Friday, November 6, 2009

The problem with defensiveness on the internet

This blog post made me very sad.

The blogger, who used IVF to conceive her children, read some New York Times articles about IVF, and then read a bunch of comments saying that instead of getting fertility treatments, infertile couples should all just adopt.

The commenters at are notoriously toxic. They always have been. They're articulate, but that only makes it worse, because then the comments section becomes mobbed with smart people with disturbingly stupid opinions.

The blogger was justifiably angry. So what is her response?

Every time someone declares that infertile people should accept their lot in life and adopt, they should be required by law to adopt a child themselves. To put their money where their mouth is. Shouldn't be a problem, right? I hear it's a piece of cake.

And every time someone says that infertile people should not-just-plain-adopt, but special-needs-kids-from-foster-care-extra-special-bonus-just-adopt, they should have such a child deposited on their doorstep within, oh, let's say an hour. Sign here, and here, initial here, fingerprint here, notary seal here, aaaaand done. Congratulations! You're a parent! Hey, let us know how it goes. I'm sure you'll do a bang-up job. Really, how hard could it be?

And every time someone who's had no fertility problems of their own says it, someone with as many children as they'd like, conceived and delivered without difficulty, they get the full package. The adoption, the special needs and the adjustment issues, and a stiff electric shock where it'll do the most good. What? Oh, you don't like those repeated high-voltage jolts? Sounds like a lifestyle issue to me. I know you'd like for them to stop, but it's not a matter of life or death, sooooooo...

Yeah! Special needs adoptions as especially awful punishments! Excellent! In several years, my kid's going to be able to surf the internet himself and he'll get to read it too.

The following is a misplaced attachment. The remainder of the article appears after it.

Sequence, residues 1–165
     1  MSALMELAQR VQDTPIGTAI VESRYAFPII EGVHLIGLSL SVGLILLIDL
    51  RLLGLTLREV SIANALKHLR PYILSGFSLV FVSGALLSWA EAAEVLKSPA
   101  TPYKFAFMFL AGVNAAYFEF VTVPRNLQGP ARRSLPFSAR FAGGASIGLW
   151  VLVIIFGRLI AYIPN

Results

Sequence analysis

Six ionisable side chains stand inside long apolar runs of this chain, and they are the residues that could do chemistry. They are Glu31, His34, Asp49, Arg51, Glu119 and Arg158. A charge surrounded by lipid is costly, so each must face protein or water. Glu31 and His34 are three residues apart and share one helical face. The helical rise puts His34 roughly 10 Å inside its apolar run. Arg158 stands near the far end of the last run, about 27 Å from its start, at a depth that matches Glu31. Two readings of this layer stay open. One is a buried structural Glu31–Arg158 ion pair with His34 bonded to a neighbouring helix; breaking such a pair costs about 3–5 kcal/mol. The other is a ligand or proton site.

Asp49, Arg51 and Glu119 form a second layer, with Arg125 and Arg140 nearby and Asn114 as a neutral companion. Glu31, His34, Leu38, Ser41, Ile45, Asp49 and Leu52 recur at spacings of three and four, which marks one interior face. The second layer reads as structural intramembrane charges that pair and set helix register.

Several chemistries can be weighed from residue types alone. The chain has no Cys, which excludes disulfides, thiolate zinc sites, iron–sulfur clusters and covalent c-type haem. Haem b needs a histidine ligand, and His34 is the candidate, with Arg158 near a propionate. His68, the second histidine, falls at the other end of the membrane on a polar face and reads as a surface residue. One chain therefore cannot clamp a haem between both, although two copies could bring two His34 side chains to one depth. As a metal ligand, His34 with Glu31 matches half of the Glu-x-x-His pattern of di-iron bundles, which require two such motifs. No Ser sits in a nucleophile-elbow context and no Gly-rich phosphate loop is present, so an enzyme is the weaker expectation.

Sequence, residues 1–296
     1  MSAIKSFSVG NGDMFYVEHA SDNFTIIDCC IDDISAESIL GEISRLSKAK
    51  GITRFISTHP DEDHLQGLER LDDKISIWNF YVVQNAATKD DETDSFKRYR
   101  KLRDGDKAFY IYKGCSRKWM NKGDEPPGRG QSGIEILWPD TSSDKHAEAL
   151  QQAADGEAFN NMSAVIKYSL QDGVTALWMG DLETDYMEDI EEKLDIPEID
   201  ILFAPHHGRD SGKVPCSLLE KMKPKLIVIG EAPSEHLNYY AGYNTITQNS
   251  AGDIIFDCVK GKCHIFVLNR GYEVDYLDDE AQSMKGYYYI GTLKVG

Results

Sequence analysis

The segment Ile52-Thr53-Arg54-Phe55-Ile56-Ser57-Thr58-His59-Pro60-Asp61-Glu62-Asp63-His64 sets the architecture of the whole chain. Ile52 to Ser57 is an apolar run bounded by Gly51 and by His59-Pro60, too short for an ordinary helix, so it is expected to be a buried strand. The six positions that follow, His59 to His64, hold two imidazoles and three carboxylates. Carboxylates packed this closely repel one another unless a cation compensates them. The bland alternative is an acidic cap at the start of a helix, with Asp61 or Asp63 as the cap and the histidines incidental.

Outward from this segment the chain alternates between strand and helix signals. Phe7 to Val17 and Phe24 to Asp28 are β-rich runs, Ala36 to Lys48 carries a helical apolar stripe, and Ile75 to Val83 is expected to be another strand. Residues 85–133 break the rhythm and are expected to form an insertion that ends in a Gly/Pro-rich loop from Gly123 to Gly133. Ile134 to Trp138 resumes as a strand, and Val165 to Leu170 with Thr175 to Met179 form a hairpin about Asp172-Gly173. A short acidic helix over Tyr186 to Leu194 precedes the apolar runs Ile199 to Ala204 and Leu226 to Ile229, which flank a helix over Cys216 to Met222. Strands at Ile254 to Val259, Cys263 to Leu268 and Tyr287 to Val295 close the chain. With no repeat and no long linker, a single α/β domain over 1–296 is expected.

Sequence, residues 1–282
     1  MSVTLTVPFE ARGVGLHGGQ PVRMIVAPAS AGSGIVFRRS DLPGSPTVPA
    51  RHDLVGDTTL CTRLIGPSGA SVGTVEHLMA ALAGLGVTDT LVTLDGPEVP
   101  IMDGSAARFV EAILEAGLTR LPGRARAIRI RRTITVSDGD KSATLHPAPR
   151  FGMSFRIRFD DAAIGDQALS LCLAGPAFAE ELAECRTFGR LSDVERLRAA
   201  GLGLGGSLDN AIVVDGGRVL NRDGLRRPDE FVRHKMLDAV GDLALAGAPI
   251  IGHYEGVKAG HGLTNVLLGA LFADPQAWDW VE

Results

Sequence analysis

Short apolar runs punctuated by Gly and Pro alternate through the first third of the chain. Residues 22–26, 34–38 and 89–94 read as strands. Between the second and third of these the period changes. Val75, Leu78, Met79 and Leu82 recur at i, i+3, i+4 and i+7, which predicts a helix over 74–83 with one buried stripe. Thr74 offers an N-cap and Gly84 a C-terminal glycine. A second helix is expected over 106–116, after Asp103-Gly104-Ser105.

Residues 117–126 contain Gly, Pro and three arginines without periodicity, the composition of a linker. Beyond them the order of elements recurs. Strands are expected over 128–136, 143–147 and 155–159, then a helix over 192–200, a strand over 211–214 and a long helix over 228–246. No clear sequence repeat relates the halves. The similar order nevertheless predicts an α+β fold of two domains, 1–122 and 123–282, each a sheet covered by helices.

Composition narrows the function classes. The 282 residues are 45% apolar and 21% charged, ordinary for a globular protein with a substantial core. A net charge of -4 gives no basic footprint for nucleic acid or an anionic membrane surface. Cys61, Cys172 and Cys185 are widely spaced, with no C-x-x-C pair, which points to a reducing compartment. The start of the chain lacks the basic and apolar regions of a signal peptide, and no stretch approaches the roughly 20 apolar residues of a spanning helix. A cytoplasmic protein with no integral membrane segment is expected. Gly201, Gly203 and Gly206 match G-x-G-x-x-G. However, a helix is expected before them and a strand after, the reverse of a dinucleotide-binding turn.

If not that particular post, then others. She isn't the first to strongly imply that special needs adopted children are the booby prizes of the parenting world. Or even the first to take her own outrage and pass it on to the next group.

Admittedly, she wasn't the one who inserted adopted children into the conversation. The commenters who insisted that adoption, an act of altruism, was better than fertility treatments, a waste of resources, did that. But hey! Once adopted children are mentioned, that makes them fair game!

I especially love how she upped the ante with 'special needs'. We should save the special needs children for the worst offenders. Because they are a special kind of punishment.

Okay, folks, please take note if you will: if you are offended by something you read on the internet, please make sure that your fiery, indignant response will not cause pain to anyone but the specific people you are angry at.

I can understand the sentiment of "I wish you misfortune!" It's time-honored. That's where curses come from.

However, not everything - or everyone - difficult is appropriate to offer up as a curse.